What about their ancestry? A primitive beaver called Dipoides that occupied Eurasia and North America during the late Tertiary (some 5 million years ago) evidently gave rise to Procastoroides, a large beaver about two-thirds the size of the giant beaver. It is worth noting that slight enamel ridges were first seen on the cutting teeth of the Idaho beaver (Procastoroides idahoensis), although the closely related Sweet's beaver (Procastoroides sweeti) lacked them. So probably the Idaho beaver, or a very closely related form, gave rise to the giant beaver about 3 million years ago. A study of the development of the cheek-tooth pattern in giant beavers also supports the Dipoides - Procastoroides - Castoroides lineage.
Another "giant beaver" (Trogontherium - not much bigger than a modern beaver) lived in Europe and Asia during the early part of the ice age. Despite some basic similarities in shape, Trogontherium and Castoroides are at extreme ends of two different lineages. However, perhaps both had developed similar ways of living in relation to modern beavers, with which they coexisted.
Castoroides ranged from Florida to the Yukon, and from New York State to Nebraska, but it has not been found outside of North America. Giant beavers seem to have flourished in the region south of the Great Lakes toward the close of the last glaciation. In fact, three nearly complete specimens are known from Fairmont and Winchester, Indiana, and from Minneapolis, Minnesota.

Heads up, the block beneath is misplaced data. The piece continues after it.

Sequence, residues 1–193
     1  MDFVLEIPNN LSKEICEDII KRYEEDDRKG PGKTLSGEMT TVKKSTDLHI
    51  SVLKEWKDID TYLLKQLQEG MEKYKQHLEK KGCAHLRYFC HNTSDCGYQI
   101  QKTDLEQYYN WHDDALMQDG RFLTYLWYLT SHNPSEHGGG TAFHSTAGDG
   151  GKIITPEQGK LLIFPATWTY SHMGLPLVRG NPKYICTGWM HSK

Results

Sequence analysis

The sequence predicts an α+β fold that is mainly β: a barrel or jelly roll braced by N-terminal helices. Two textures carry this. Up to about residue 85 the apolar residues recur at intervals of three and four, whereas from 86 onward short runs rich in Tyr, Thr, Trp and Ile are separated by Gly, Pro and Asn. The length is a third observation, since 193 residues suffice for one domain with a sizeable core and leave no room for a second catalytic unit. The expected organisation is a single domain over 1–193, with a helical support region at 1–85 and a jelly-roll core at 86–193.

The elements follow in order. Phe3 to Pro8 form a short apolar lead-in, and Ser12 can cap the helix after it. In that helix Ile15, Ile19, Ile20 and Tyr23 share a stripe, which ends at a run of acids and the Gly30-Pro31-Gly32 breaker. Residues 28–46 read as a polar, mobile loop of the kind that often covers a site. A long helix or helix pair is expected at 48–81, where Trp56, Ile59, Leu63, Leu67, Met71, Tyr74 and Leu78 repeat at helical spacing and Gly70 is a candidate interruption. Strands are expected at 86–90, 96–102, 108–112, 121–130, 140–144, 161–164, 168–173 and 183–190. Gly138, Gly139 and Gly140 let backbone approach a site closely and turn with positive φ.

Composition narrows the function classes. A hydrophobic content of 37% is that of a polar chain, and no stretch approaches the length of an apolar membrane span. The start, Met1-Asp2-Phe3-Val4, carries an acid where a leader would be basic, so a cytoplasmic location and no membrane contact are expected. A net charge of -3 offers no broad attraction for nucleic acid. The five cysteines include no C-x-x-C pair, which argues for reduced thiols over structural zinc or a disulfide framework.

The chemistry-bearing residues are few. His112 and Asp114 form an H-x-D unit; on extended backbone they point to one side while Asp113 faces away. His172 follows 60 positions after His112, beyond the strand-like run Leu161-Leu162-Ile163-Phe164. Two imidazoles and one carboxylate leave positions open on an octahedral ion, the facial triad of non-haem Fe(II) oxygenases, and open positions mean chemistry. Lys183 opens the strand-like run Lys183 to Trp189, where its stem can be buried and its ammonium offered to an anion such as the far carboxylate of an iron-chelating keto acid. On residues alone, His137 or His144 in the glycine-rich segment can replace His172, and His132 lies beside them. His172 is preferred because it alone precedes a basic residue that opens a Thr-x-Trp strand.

The most northerly records are from the Old Crow region of the Yukon Territory (1), which lies 150 km north of the Arctic Circle. Here, many fossils (consisting largely of jaws, teeth, leg bones and vertebrae) have been found in deposits varying in age from the last (Sangamonian) interglacial (about 130,000 years ago) to the early part of the last (Wisconsinan) glaciation (about 60,000 years ago)(2). Fossils show that both giant beavers and modern North American beavers (Castor canadensis) coexisted near Old Crow during the last part of the ice age. The only giant beaver fossil found elsewhere in Canada is a cutting tooth from last interglacial deposits in the Don Valley, Toronto.
How did giant beavers get so far north? And when? Perhaps they spread rather rapidly northward into the Yukon through chains of lakes which tend to form along the southern margin of the Canadian Shield (for example, during the present interglacial - the relatively warm period covering the last 10,000 years some are: Lake Superior, Lake Manitoba, Lake Athabasca, Great Slave Lake and Great Bear Lake). A likely time for this northward shift would have been near the beginning of a warm period such as the last interglacial, when ice sheets of the second last (Illinoian) glaciation were melting back.